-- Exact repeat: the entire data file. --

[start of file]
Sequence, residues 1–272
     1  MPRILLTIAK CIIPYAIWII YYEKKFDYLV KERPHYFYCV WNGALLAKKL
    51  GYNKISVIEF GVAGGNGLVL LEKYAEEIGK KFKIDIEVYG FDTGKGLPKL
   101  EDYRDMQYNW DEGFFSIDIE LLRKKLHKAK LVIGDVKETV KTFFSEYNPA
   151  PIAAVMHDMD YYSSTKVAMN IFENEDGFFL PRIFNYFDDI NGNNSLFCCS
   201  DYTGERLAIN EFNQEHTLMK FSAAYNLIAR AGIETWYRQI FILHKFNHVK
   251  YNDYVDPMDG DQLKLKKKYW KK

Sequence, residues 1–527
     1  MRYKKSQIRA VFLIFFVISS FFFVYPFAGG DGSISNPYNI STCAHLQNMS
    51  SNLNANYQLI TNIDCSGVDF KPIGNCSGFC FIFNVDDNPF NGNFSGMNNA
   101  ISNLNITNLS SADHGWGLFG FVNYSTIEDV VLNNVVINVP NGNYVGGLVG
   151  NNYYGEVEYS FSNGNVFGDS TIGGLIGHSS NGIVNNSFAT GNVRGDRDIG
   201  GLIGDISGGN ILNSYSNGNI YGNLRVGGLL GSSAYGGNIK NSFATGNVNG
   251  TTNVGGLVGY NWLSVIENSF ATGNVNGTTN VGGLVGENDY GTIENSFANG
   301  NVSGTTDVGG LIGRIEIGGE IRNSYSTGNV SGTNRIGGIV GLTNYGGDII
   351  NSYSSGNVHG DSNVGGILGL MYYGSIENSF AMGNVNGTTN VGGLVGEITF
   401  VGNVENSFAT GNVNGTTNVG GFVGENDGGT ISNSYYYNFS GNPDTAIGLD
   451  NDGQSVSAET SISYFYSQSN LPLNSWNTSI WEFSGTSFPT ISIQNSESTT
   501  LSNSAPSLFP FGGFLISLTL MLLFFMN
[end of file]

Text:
Sequence, residues 1–272
     1  MPRILLTIAK CIIPYAIWII YYEKKFDYLV KERPHYFYCV WNGALLAKKL
    51  GYNKISVIEF GVAGGNGLVL LEKYAEEIGK KFKIDIEVYG FDTGKGLPKL
   101  EDYRDMQYNW DEGFFSIDIE LLRKKLHKAK LVIGDVKETV KTFFSEYNPA
   151  PIAAVMHDMD YYSSTKVAMN IFENEDGFFL PRIFNYFDDI NGNNSLFCCS
   201  DYTGERLAIN EFNQEHTLMK FSAAYNLIAR AGIETWYRQI FILHKFNHVK
   251  YNDYVDPMDG DQLKLKKKYW KK

Sequence, residues 1–527
     1  MRYKKSQIRA VFLIFFVISS FFFVYPFAGG DGSISNPYNI STCAHLQNMS
    51  SNLNANYQLI TNIDCSGVDF KPIGNCSGFC FIFNVDDNPF NGNFSGMNNA
   101  ISNLNITNLS SADHGWGLFG FVNYSTIEDV VLNNVVINVP NGNYVGGLVG
   151  NNYYGEVEYS FSNGNVFGDS TIGGLIGHSS NGIVNNSFAT GNVRGDRDIG
   201  GLIGDISGGN ILNSYSNGNI YGNLRVGGLL GSSAYGGNIK NSFATGNVNG
   251  TTNVGGLVGY NWLSVIENSF ATGNVNGTTN VGGLVGENDY GTIENSFANG
   301  NVSGTTDVGG LIGRIEIGGE IRNSYSTGNV SGTNRIGGIV GLTNYGGDII
   351  NSYSSGNVHG DSNVGGILGL MYYGSIENSF AMGNVNGTTN VGGLVGEITF
   401  VGNVENSFAT GNVNGTTNVG GFVGENDGGT ISNSYYYNFS GNPDTAIGLD
   451  NDGQSVSAET SISYFYSQSN LPLNSWNTSI WEFSGTSFPT ISIQNSESTT
   501  LSNSAPSLFP FGGFLISLTL MLLFFMN